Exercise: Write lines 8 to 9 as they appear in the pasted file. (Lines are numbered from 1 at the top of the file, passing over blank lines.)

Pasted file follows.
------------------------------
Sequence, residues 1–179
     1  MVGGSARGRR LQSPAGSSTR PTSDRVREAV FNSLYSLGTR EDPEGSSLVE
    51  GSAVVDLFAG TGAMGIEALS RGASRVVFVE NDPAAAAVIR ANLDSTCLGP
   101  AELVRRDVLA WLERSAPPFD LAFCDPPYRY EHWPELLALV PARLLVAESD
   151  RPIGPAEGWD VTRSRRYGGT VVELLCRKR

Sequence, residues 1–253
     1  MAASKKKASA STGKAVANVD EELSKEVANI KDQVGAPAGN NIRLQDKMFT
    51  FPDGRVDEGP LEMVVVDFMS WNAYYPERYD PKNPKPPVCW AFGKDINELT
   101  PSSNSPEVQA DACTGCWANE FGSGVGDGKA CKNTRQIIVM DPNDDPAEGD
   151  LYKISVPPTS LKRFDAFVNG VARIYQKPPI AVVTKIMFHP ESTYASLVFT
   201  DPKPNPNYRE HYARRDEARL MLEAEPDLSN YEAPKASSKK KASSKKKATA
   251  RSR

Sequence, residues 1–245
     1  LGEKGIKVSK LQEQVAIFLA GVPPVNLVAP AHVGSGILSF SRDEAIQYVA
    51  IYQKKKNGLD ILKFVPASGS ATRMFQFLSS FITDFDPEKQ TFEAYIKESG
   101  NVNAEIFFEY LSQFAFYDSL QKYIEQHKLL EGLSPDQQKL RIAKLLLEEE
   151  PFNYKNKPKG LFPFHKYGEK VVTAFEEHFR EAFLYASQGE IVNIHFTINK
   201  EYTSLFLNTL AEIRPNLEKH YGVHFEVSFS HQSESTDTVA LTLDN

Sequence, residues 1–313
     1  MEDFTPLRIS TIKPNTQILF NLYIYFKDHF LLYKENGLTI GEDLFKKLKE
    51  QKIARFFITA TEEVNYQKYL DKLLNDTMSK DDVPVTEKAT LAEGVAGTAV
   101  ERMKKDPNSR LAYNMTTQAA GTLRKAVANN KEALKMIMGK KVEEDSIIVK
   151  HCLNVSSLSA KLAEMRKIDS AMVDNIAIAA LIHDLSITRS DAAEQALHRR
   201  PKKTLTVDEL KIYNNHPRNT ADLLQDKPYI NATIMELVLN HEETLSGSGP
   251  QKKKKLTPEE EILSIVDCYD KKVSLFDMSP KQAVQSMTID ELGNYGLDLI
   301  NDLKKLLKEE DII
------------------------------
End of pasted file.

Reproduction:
    51  FPDGRVDEGP LEMVVVDFMS WNAYYPERYD PKNPKPPVCW AFGKDINELT
   101  PSSNSPEVQA DACTGCWANE FGSGVGDGKA CKNTRQIIVM DPNDDPAEGD